An eerie evening of ghost stories crackles to life as Mary Shelley unspools her tale of Victor Frankenstein and his unholy experiment. This gothic tale of love, horror, and the power to create life—and destroy it—awakens in this visceral, original retelling of Frankenstein.

    Fresh from the brain of Ensemble Member David Catlin, creator of Moby Dick and Lookingglass Alice, comes a galvanic adaptation of this undying story. See for yourself this latest invention come to shocking life!

  • SUMMER: The Donna Summer Musical

    James M. Nederlander Theatre
    24 W Randolph St
    Chicago, IL 60601
    SUMMER: The Donna Summer Musical

    She was a girl from Boston with a voice from heaven, who shot through the stars from gospel choir to dance floor diva. But what the world didn’t know was how Donna Summer risked it all to break through barriers, becoming the icon of an era and the inspiration for every music diva who followed. With a score featuring more than 20 of Summer’s classic hits including “Love to Love You Baby,” “Bad Girls” and “Hot Stuff,” this electric experience is a moving tribute to the voice of a generation.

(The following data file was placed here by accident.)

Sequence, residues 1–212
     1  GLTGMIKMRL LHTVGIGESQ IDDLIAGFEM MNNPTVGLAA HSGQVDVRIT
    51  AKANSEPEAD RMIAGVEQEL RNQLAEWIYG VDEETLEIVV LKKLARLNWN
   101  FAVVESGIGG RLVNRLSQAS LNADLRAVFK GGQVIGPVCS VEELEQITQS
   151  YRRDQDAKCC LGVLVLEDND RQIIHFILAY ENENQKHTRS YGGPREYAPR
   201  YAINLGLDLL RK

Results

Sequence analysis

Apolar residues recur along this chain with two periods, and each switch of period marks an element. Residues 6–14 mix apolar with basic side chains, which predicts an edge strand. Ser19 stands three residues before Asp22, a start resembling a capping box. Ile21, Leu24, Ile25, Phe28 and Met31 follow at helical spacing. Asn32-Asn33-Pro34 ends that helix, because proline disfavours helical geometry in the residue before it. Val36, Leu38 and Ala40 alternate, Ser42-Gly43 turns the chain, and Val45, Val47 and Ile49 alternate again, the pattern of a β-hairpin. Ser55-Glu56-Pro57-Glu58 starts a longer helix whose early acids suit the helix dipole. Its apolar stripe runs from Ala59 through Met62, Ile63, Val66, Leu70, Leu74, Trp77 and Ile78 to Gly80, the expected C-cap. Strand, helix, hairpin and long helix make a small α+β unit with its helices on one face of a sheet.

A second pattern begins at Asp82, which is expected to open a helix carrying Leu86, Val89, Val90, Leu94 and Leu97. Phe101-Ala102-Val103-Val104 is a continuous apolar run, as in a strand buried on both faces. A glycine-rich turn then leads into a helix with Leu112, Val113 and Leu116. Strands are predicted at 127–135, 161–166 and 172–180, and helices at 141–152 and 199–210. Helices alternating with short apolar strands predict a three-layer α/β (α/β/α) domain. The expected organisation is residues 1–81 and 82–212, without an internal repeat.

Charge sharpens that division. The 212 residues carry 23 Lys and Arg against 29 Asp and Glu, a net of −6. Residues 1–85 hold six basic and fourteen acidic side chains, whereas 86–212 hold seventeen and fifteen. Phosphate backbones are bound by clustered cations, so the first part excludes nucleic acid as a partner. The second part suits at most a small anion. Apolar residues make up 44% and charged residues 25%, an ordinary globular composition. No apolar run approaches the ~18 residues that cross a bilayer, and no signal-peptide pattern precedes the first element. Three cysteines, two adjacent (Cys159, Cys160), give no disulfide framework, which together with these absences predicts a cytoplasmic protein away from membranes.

• Six

    CHICAGO SHAKESPEARE THEATER
    Navy Pier, 800 East Grand Ave
    Chicago, IL 60611
    Six

    Henry VIII's six wives are stepping out from the big man's shadow to take their turn in the spotlight. Created by Toby Marlow and Lucy Moss, this musical celebration of 16th Century girl power debuted on the West End in 2018 to fantastic reviews. Much like Hamilton, Six injects its historical story with modern day attitudes and modern day music, serving up a dizzying whirl of pop and comedy, and an all-female cast. 

  • Comedians You Should Know

    Timothy O'Toole's Pub
    622 N. Fairbanks Ct.,
    Chicago, IL 60611
    Comedians You Should Know

    Circumventing the tired, stale brand of comedy clubs, Comedians You Should Know delivers original, fresh, showcase-style stand up comedy in the revamped back room of Timothy O'Toole's Pub, a classy downtown bar in the Streeterville neighborhood. Their weekly show has garnered frequent sold-out crowds and a loyal local following.

    CYSK features a DIFFERENT LINE-UP every single week and thus makes it a must-see event again and again!